According to Fredrik Odfjell, director of Norwegian customer Offshore Windservice ApS: “We are extremely pleased to be working with Danish Yachts in the build of this series of wind turbine service vessels, with their depth of experience and know-ledge in innovative carbon construction. A key factor for our support fleet is stability in a large seaway and the ability to transfer between towers at speed in severe conditions, vastly reducing downtime for maintenance teams while on operational duties at wind farms.”
Another advantage of the low weight made possible by its carbon fibre construction is that, using brackets that are part of the structure, the vessel can be taken out of the water in a single-point lift for transfer ashore or to an offshore platform.
Danish Yachts professes to be totally committed to advanced composite, having perceived a market opportunity and being determined to seize it. It says that its carbon composite craft will cover substantial distances at speed even in rough conditions and will be able safely to transfer to wind towers personnel who have traveled in comfort and are not impaired by seasickness. Ability to operate in significant wave heights of some 2.5 m will enlarge weather windows during which operation will be possible, helping wind farm operators to support profitability by minimising turbine downtime.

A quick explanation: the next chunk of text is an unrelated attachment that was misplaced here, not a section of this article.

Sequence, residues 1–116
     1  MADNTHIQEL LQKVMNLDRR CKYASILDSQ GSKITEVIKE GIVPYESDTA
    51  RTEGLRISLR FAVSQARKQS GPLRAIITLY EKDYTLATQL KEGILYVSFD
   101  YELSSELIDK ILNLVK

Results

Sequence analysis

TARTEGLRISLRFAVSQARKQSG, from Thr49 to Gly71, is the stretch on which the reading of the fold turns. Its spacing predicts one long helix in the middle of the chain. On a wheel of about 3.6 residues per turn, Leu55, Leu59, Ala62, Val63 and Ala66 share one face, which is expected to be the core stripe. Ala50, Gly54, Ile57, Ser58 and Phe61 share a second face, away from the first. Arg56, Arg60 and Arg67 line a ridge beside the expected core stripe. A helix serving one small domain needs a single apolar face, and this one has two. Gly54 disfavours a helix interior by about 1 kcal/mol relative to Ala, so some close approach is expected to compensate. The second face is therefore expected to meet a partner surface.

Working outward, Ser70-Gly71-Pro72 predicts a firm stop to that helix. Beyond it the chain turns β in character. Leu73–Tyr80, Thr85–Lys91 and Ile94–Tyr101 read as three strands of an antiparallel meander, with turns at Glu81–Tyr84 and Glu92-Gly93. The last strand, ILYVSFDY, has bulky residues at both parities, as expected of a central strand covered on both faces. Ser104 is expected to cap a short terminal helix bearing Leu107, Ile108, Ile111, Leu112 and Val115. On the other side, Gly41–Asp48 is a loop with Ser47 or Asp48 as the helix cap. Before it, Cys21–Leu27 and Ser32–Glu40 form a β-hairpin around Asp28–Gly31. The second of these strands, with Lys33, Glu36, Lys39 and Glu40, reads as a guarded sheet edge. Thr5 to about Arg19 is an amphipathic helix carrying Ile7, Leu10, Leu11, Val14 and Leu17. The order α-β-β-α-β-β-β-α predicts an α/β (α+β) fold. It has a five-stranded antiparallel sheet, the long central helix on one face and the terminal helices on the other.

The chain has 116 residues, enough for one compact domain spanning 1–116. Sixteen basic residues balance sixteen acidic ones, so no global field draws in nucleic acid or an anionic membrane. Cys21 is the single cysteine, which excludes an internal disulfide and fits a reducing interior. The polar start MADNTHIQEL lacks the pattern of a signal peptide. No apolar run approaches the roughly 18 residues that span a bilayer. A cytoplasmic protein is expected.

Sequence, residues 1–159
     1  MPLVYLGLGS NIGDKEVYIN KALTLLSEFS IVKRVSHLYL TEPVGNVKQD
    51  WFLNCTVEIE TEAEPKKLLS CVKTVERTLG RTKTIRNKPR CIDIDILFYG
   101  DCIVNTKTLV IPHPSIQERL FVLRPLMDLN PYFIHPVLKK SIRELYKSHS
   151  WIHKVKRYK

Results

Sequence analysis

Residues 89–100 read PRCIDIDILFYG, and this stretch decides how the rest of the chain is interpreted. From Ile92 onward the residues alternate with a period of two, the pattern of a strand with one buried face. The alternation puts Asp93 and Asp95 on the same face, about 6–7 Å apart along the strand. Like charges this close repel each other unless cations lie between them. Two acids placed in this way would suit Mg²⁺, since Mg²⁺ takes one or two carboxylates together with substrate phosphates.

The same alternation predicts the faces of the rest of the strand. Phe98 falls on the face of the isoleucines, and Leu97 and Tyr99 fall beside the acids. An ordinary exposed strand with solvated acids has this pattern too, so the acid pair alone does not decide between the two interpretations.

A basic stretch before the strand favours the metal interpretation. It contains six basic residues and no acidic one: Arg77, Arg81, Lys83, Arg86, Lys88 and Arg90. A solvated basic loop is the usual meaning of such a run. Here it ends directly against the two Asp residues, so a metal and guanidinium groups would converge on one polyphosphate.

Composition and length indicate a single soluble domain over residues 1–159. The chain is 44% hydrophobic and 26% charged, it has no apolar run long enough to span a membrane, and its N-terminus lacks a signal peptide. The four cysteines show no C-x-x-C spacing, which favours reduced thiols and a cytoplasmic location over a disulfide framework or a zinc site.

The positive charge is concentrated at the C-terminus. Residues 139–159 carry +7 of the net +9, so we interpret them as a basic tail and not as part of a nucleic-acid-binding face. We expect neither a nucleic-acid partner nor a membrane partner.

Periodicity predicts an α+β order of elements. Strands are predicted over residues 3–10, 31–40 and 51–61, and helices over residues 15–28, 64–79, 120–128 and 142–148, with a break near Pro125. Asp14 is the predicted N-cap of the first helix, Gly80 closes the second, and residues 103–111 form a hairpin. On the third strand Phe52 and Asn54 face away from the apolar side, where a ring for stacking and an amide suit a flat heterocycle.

Business development manager Morten Lorenzen expresses his company’s intention to refine the technology still further so that operations can continue in waves up to 3m Hs. Such capability would enable operators to access North Sea installations for 310 days a year, as distinct from the average 200 days/year possible with the 1.5 m capability that most current WFSVs are certified for.
Composite vs metal
Clearly, in the WFSV sector where the twin-hull catamaran form dominates, the battle between composites and metal (aluminium) has been well and truly joined and this is likely to rage for some time to come.
One possible outcome is that ‘standard’ composites may triumph in near shore applications where conditions are less extreme and fuel economy may trump repairability considerations, but also in the far offshore zone where the fuel consumption and emissions advantages of advanced composite craft outweigh other considerations and can justify the purchase price premium such vessels require. This could leave metal to dominate in mid-distance operations where lower acquisition costs might more than compensate for extra expenditure on fuel during service life.
Whatever the eventual outcome, there is currently a burgeoning need for more and increasingly capable WFSVs. This is bringing useful business opportunities for composite workboat builders and the associated supply chain. ♦
This feature was also published in the November/December 2012 issue of Reinforced Plastics magazine.